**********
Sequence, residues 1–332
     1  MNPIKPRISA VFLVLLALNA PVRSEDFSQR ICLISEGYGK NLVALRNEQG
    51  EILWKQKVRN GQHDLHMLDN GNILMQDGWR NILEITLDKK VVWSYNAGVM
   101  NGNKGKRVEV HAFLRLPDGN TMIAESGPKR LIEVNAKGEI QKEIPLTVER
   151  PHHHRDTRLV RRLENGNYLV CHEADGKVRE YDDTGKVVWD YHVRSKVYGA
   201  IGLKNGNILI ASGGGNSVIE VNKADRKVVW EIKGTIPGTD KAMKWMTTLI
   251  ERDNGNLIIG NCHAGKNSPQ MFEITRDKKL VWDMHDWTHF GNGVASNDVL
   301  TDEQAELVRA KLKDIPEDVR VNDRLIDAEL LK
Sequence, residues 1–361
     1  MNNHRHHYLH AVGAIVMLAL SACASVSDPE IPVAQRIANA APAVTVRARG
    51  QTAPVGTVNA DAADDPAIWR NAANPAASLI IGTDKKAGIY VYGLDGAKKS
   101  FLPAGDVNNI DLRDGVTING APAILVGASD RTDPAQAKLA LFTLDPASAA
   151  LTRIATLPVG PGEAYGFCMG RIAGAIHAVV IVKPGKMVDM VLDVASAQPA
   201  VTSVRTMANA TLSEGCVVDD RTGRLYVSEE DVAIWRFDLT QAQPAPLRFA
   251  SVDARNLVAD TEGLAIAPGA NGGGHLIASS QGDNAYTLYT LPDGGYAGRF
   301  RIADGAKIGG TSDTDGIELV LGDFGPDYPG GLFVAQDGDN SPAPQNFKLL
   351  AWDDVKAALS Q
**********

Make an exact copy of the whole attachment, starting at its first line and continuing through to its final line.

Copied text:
Sequence, residues 1–332
     1  MNPIKPRISA VFLVLLALNA PVRSEDFSQR ICLISEGYGK NLVALRNEQG
    51  EILWKQKVRN GQHDLHMLDN GNILMQDGWR NILEITLDKK VVWSYNAGVM
   101  NGNKGKRVEV HAFLRLPDGN TMIAESGPKR LIEVNAKGEI QKEIPLTVER
   151  PHHHRDTRLV RRLENGNYLV CHEADGKVRE YDDTGKVVWD YHVRSKVYGA
   201  IGLKNGNILI ASGGGNSVIE VNKADRKVVW EIKGTIPGTD KAMKWMTTLI
   251  ERDNGNLIIG NCHAGKNSPQ MFEITRDKKL VWDMHDWTHF GNGVASNDVL
   301  TDEQAELVRA KLKDIPEDVR VNDRLIDAEL LK
Sequence, residues 1–361
     1  MNNHRHHYLH AVGAIVMLAL SACASVSDPE IPVAQRIANA APAVTVRARG
    51  QTAPVGTVNA DAADDPAIWR NAANPAASLI IGTDKKAGIY VYGLDGAKKS
   101  FLPAGDVNNI DLRDGVTING APAILVGASD RTDPAQAKLA LFTLDPASAA
   151  LTRIATLPVG PGEAYGFCMG RIAGAIHAVV IVKPGKMVDM VLDVASAQPA
   201  VTSVRTMANA TLSEGCVVDD RTGRLYVSEE DVAIWRFDLT QAQPAPLRFA
   251  SVDARNLVAD TEGLAIAPGA NGGGHLIASS QGDNAYTLYT LPDGGYAGRF
   301  RIADGAKIGG TSDTDGIELV LGDFGPDYPG GLFVAQDGDN SPAPQNFKLL
   351  AWDDVKAALS Q